For our security, of course.
That freaking scares me!
Until not so long ago, post offices guaranteed that any letter we wrote would never be opened or intercepted by anyone during transport. Why? Because it's one of the fundamental pillars of our democracy and one of our essential rights: privacy. Privacy guarantees freedom. Freedom guarantees democracy. Remove one, remove all
«But... I have nothing to hide!»
Excerpt from the article:
So, it doesn’t bother you that the government has logged, collated, deciphered and indefinitely stored your entire internet browsing history and habits – what websites you visited, what you posted on social media and chat forums, your search engine queries and even what you watched.
It also doesn’t bother you that they have at their disposal the whole content of every single call and text you’ve ever made, instant messages, Skype and normal telephone calls in addition to their metadata – who you have called, how and when you called them, the location you called them from, and how long you called them for.
After all, only if you have done something wrong, or if you have got something to hide should you be worried, right?
Oh, in that case then, could you please kindly do something for me?
I want you to voluntarily send me all of your passwords, a copy of all your text messages, work and personal emails, your browsing history together with your bank and medical records just so that I can have a quick ‘gander’ through them.
It is essential for democracies to punish crimes. But it is also essential to grant freedoms. To *everyone*. Should those freedoms be given up for more security?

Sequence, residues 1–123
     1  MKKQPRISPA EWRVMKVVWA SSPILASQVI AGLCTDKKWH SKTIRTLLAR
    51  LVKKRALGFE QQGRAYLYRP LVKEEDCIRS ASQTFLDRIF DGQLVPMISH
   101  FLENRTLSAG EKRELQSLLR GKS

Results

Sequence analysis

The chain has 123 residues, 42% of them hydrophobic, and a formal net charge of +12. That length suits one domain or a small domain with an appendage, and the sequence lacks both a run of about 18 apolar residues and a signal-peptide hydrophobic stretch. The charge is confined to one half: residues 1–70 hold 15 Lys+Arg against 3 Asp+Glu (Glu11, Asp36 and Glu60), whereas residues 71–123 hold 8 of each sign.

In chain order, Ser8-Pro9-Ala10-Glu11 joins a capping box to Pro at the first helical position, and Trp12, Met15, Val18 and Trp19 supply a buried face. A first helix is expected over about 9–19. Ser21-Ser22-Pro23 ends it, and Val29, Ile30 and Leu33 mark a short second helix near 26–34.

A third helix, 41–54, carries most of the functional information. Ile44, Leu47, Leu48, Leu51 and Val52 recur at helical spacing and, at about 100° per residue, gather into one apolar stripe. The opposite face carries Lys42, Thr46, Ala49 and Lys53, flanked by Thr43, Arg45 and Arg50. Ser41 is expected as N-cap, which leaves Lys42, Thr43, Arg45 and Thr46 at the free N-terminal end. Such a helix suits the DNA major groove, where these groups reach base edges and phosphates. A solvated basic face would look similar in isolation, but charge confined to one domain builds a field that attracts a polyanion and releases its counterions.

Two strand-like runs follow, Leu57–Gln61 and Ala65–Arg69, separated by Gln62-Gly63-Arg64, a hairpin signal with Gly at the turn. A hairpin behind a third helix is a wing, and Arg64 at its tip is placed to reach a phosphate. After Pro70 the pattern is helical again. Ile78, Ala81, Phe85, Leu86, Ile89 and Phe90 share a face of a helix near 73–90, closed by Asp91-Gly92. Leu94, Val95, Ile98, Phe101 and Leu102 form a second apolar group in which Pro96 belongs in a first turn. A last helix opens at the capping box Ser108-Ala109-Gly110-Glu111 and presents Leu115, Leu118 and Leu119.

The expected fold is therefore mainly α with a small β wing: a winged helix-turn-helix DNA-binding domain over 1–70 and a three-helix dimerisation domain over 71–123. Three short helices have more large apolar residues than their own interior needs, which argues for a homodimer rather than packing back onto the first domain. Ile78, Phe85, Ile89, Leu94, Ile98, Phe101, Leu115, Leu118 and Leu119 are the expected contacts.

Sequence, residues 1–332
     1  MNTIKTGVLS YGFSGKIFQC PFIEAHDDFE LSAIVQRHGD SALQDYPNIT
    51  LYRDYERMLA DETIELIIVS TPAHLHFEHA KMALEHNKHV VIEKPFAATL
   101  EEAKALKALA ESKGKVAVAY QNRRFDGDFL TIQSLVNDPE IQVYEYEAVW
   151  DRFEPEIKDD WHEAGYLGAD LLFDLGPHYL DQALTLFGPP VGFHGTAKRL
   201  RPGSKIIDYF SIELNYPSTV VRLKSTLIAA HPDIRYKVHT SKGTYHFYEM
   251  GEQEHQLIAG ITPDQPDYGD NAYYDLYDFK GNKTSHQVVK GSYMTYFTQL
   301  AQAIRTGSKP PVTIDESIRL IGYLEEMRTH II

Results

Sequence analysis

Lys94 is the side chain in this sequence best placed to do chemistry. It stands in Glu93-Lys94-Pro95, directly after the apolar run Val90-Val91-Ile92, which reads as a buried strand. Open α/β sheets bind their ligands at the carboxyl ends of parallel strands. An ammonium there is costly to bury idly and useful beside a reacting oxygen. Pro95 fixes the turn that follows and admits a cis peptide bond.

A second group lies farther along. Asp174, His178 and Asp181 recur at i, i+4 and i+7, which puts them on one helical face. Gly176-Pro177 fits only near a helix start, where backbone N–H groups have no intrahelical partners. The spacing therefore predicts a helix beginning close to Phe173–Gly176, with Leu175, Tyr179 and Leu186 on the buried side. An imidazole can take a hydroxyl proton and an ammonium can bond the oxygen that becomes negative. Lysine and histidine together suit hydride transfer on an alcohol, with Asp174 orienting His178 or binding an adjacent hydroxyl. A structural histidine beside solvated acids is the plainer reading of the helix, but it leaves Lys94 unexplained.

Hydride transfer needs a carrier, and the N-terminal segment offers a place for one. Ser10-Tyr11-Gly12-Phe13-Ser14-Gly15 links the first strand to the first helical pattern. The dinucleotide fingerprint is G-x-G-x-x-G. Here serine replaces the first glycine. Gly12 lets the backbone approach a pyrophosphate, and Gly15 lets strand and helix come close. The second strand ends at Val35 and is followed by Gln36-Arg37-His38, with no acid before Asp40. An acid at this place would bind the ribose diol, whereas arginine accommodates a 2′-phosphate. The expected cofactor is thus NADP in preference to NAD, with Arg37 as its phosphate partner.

But not every state is as «gentle» towards its citizens as... ours, right? Note that in certain countries you can be put in jail or sentenced to death if your «conduct» doesn't please those who write laws. But, wait... that's fine, isn't it?
What if you're sentenced to jail because you're convicted to deal drugs as someone profited from a moment of distraction from you to put substances in your pockets and by the law there's no lawyer to defend you? What if you risk the death penalty for disagreeing with your government? Or the local religion? Being a journalist in such countries is no good. What if they're caught spreading «heretic» ideas outside the frontiers of the state? Does the safety of a government now prime over that of the citizens it's supposed to defend?
Encryption allows journalists — as well as ordinary people — to report facts and be safe. If we ban encryption we're signing their death penalty. Are we ready for that? Oh, never mind, that was just one
example. If we ban encryption, do you think whoever really wants to use it will never find his way?
Evil does not exist because of technology. Evil exists because it's inherent to human nature. There's absolutely no
technological cure to violence. It's up to us to see the evil or the good in anyone else's actions. Or both! It's up to us to see the balance. It's up to us
to actually do
the balance, in fact.
Should we accept or demand that privacy be abandoned just because we [are lead to] focus on the most violent who use it against us?
Should we give up all we have because we chose to blind ourselves?
There's no cure to evil but education and instruction. Oh, and any form of propaganda is none of them...
So, think twice.